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Tension/Torque/Torsion Hinges for Angled Sink Mirror

1928 Views 3 Replies 2 Participants Last post by  Toolman50
HELP PLEASE: Tension/Torque/Torsion Hinges for Angled Sink Mirror

Our master bathroom has an angled mirror above the two sinks. The mirror is 12.5 inches tall, but spans the full width of the counter (66.5 inches). Above the angled mirror is a window, which explains why the builders could not install a full size flat mirror. The mirror is held at a fixed 19 degree angle by triangle wedges that the builder cut from a 2x4.

The problem is that my wife is short and has to stand on her toes to put on makeup, and I have to bend when I shave. We want a mirror with an adjustable angle.

I plan to replace this mirror with one that is mounted on friction hinges at the top of the mirror. This will allow us to adjust the angle of the mirror as needed, so the mirror will hold the new angle. I have yet to decide whether I need two or three friction hinges.

(Note: Friction hinges are also known as torque hinges or sometimes torsion hinges. What I need are hinges


* Which hinges should I buy? Can you recommend a particular make and model of tension hinges for this application?

* What torque spec is the correct value so that the mirror will stay at any reasonable angle, but not be too stiff to move? (I assume that I will use two or three tension hinges at the top, to hold the mirror in place.)


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Addendum: I have done some math, which I will share here, but there are some many tension/torque/torsion hinges on the market, it is difficult to choose. Here is my math:

Mirror Dimensions: 12 5/8 x 66 1/2 inches

Weight estimates:
Weight of 3/4 inch plywood backing, at 2.3 lb/sq.ft. = 13.4 pounds
Weight of 1/4 inch mirror: 17.5 pounds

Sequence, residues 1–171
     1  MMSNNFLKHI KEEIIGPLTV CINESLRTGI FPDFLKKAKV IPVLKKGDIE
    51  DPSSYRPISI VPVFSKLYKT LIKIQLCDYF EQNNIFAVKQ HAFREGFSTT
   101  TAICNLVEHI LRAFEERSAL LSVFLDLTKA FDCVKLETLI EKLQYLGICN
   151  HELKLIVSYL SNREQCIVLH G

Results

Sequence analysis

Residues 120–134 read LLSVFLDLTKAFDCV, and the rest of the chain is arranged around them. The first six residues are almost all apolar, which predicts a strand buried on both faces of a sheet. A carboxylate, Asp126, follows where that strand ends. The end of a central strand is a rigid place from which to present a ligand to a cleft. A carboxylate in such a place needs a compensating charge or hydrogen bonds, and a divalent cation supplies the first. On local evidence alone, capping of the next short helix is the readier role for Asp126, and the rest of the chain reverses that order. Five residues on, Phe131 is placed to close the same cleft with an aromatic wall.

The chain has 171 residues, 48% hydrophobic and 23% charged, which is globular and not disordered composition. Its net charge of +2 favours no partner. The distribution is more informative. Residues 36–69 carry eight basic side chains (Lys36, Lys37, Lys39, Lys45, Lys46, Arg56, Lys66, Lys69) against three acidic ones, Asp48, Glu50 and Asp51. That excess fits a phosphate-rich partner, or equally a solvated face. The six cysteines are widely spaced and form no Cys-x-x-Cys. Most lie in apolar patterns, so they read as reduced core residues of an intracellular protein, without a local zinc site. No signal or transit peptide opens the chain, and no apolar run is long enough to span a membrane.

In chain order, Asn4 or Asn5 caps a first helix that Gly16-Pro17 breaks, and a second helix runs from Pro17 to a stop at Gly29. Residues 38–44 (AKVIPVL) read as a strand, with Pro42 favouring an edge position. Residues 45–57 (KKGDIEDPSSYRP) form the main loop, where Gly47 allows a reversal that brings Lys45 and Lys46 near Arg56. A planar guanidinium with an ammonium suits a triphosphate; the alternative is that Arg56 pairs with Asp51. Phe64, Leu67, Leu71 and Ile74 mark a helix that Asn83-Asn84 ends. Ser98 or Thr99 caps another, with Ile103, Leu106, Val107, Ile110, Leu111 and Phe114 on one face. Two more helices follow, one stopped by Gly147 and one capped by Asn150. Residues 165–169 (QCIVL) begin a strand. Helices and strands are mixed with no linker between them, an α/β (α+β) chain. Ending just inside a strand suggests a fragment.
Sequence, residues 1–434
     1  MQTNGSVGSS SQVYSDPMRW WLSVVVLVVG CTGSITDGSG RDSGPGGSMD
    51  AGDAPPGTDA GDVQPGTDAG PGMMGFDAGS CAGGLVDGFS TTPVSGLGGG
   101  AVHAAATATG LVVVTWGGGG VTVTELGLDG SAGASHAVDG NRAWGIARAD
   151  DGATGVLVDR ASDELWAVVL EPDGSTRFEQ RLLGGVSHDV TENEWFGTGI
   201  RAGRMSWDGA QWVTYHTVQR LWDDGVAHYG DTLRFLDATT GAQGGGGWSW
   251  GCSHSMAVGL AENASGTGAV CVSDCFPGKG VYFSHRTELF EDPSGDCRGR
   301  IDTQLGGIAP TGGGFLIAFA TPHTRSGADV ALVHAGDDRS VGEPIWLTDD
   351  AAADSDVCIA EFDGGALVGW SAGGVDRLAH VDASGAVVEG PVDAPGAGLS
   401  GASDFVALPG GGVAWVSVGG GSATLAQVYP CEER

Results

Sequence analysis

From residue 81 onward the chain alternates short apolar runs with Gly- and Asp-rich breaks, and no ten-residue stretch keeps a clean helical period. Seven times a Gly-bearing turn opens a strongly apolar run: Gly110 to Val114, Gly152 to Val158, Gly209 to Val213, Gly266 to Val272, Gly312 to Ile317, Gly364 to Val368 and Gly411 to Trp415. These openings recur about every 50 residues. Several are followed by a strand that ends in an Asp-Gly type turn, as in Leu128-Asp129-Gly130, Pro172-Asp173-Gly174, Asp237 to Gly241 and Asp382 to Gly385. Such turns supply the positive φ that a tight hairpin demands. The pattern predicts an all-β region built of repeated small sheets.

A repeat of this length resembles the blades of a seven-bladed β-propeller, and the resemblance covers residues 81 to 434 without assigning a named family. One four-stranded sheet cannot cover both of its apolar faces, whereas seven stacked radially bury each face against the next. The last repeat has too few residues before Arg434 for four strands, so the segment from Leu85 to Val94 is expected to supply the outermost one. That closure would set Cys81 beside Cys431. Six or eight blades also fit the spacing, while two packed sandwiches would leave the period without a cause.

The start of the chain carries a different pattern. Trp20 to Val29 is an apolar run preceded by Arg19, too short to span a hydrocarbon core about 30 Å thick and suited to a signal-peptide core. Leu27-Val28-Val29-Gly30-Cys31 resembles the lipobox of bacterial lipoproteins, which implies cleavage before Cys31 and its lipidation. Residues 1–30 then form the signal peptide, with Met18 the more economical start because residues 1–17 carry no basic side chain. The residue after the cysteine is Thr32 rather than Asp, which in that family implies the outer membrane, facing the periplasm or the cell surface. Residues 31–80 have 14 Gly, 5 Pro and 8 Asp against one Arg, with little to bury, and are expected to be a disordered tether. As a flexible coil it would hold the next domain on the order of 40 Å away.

Weight of primer, mastic, mirror supports, etc. = 1 pound
Total weight = 32 pounds

Torque formula = Weight x CG distance x cos(angle)
(Because the weight is distributed evenly, the center of gravity in this case is 1/2 the 12 5/8 inches length, which is 6.3 inches.


* 0 degrees (mirror held in place horizontally, like a shelf, which may not make sense for this application, but is the MAXIMUM torque necessary):
32 pounds x 6.3 inches x cos(0 degrees) = ANSWER: 211 inch pounds of torque
Two hinges = 105.5 inch pounds each. Three hinges = 70 inch pounds each.

* 71 degrees (current mirror angle):
90 - 19 degrees mirror angle = 71 degrees.
32 pounds x 6.3 inches x cos(70 degrees) = ANSWER: 69 inch pounds of torque.
Two hinges = 34.5 inch pounds each. Three hinges = 23 inch pounds each.

That's a lot of difference between the two measurements (211 vs. 69 inch pounds). I want hinges that will definitely hold, but they can't be so stiff that the mirror angle is difficult to adjust. I could use some help choosing the correct torque spec makes sense.

I would appreciate any advice or experience that you can share, regarding which brands and models of tension hinges to consider, as well as the proper torque spec necessary for the angled mirror adjustments.
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Bump. Any ideas about which hinges to buy and what specs they should have?
Call me a skeptic, but I don't think you will be pleased with your plan for an adjustable mirror. You will be trying to hold and adjust the angle on a mirror over 5' in length.
I would remove the existing mirror and use the side panels to install a hinged mirror on each side. (2)
I think you will more pleased.
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